Many cities and towns have local e-cycling centers and will pick up your stuff along with your other recycling. In addition, many communities organize e-cycling drives on specific days and locations where you can drop off all your old stuff in one fell swoop.
Bonus tip: Before you drop off an item, make sure to take out any removable batteries from laptops, smartphones, cameras, and more. Ditto with printer ink cartridges. These need to be recycled separately.
Making money off your old gadgets is easier than you think. Dozens of electronics-specific “re-commerce” sites such as Gazelle, Gizmogul, Decluttr, and Gone offer user-friendly apps and websites to sell your old smartphones, tablets, laptops, and smart watches.
At Gazelle, for example, the process typically involves entering information about your device—a serial number and condition is all you need, unless you prefer to enter more details manually.
Within seconds, the service quotes you a price, which is good for up to 30 days, and can be cancelled at any time. Then all you have to do is reset and wipe the data off your device and drop it into a prepaid package that Gazelle provides.
Want instant cash? Then just go to one of Gazelle’s more than 3,000 ecoATM kiosks, which conduct product evaluations and dispense cash on the spot assuming the phone is worth something. Newer phones typically fetch higher prices—six month-old iPhones in good condition are about 50% off the original price —but you’d be surprised at how even that old Samsung tablet from 2012 might get you $5.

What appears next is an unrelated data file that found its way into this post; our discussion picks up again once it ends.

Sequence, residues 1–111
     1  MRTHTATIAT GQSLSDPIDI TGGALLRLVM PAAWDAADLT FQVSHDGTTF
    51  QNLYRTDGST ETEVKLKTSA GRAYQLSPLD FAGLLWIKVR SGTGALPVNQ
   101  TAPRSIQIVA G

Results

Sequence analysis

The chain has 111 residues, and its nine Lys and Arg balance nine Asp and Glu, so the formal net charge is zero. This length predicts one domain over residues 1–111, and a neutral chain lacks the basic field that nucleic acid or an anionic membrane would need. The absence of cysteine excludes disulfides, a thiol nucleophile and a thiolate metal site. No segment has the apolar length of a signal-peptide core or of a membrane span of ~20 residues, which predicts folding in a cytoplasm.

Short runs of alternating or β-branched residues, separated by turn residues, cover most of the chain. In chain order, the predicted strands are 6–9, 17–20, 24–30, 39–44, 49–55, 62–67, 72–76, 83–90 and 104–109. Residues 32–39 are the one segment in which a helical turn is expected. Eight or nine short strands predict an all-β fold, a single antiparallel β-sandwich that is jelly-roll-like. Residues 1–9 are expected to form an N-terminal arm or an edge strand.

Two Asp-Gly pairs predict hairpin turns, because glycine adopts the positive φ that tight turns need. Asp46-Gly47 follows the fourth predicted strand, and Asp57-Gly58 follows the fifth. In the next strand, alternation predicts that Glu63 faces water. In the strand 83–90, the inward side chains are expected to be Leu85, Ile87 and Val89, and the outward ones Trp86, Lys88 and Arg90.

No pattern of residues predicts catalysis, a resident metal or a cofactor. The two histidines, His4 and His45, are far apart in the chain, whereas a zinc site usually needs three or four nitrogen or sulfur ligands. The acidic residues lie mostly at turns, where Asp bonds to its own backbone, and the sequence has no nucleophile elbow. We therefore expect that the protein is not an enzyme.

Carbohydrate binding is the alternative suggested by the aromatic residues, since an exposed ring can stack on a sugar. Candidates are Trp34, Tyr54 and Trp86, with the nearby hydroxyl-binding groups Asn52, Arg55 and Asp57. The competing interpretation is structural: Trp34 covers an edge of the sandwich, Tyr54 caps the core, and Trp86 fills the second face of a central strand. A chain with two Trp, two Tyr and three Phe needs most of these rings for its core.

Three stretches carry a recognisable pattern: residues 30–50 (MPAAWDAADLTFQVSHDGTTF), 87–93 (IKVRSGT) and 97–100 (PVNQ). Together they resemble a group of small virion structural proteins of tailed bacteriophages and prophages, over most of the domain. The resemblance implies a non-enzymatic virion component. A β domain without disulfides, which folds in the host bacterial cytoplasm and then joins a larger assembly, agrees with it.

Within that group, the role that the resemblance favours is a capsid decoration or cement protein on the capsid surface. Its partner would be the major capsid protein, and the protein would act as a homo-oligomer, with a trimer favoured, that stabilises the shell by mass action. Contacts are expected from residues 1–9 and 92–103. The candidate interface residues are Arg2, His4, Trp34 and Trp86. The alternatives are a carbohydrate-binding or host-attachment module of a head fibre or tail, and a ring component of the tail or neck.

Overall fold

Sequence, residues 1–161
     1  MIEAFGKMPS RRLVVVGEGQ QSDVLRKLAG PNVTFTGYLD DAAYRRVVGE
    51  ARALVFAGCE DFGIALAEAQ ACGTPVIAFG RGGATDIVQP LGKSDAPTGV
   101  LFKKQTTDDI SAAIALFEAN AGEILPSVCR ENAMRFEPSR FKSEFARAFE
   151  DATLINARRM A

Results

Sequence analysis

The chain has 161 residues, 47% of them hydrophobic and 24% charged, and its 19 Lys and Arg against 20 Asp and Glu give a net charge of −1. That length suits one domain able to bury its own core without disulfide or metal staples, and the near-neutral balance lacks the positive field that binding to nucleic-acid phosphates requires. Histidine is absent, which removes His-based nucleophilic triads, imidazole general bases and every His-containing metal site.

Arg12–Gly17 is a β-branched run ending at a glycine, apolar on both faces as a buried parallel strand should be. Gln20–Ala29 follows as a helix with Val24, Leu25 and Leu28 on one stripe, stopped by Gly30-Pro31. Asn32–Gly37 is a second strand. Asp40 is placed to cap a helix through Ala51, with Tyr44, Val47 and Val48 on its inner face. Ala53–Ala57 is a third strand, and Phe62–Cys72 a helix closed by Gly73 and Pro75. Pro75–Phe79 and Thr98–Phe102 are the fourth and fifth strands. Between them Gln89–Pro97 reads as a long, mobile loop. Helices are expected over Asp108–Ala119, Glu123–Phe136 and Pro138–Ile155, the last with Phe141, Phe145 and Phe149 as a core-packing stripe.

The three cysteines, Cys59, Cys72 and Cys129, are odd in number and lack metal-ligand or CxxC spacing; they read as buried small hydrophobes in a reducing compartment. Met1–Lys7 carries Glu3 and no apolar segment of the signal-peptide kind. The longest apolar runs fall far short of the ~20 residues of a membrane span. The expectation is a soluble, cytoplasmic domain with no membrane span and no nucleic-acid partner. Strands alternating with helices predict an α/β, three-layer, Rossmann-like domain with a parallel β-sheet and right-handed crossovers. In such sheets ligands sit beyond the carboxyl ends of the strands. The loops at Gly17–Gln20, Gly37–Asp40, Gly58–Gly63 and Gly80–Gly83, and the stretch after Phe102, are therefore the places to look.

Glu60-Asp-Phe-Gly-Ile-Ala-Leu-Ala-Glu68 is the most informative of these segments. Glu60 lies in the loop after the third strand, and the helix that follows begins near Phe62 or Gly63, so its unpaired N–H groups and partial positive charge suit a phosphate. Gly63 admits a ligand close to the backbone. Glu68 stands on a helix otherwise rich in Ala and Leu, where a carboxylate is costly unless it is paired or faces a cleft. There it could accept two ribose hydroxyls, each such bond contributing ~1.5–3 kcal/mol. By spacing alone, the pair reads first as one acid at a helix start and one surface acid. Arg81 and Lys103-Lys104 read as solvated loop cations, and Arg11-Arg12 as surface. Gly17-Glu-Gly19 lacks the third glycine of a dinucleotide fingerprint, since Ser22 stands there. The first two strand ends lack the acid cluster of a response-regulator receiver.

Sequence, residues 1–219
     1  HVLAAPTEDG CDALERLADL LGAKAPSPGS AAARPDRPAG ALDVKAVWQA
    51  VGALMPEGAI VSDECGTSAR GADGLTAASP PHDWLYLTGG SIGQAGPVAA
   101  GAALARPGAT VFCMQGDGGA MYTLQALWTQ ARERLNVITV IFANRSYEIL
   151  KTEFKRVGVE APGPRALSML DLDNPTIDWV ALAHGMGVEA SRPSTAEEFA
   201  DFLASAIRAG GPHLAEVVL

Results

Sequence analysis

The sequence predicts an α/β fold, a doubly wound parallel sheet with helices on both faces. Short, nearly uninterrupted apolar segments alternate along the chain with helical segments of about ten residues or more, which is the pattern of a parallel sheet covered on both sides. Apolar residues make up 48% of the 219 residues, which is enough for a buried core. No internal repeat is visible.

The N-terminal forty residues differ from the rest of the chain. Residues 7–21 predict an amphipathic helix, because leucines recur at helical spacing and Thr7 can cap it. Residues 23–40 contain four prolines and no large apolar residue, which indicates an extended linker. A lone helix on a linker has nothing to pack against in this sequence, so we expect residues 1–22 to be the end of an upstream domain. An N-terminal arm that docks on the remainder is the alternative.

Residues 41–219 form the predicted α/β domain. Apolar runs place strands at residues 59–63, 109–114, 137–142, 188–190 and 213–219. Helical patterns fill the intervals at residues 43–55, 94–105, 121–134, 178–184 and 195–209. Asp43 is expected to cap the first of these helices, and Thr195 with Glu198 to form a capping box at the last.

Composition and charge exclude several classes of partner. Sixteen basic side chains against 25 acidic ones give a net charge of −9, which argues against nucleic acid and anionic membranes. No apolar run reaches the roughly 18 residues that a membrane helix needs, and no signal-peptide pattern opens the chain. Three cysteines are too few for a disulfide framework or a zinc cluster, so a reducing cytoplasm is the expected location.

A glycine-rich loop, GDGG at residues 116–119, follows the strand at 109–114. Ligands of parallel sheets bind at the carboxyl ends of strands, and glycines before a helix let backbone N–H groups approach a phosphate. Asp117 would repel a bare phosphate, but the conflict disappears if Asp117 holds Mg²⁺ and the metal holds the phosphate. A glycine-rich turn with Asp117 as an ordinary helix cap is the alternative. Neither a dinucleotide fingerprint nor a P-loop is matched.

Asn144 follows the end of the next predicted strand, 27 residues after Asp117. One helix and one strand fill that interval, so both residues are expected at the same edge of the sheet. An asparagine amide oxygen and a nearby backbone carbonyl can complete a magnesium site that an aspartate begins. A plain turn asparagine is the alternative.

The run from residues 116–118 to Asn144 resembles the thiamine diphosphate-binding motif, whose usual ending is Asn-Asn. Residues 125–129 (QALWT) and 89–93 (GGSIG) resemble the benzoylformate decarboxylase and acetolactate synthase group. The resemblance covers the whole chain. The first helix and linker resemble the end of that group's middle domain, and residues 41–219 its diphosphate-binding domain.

And even if your device has no value, Gazelle and ecoATM will at the very least recycle it for you, making the clutter disappear instantly.
Unfortunately, Gazelle only buys Mac laptops. Those with Windows or PC laptops, even broken ones, can try SellBroke, which works similarly to Gazelle and other electronics reseller sites by offering free shipping, purchasing, and payment via Google Pay or PayPal. SellBroke also buys used smartphones, tablets, iPods, desktops, cameras, smartwatches, and drones.
To sell other gadgets such as printers, cameras, speakers, video game consoles, headphones, and more, you may need to take the old-fashioned approach and do it on your own. Skip Craigslist, which doesn’t charge any commissions, but also has no real security guarantees and requires that you vet and meet potential buyers yourself.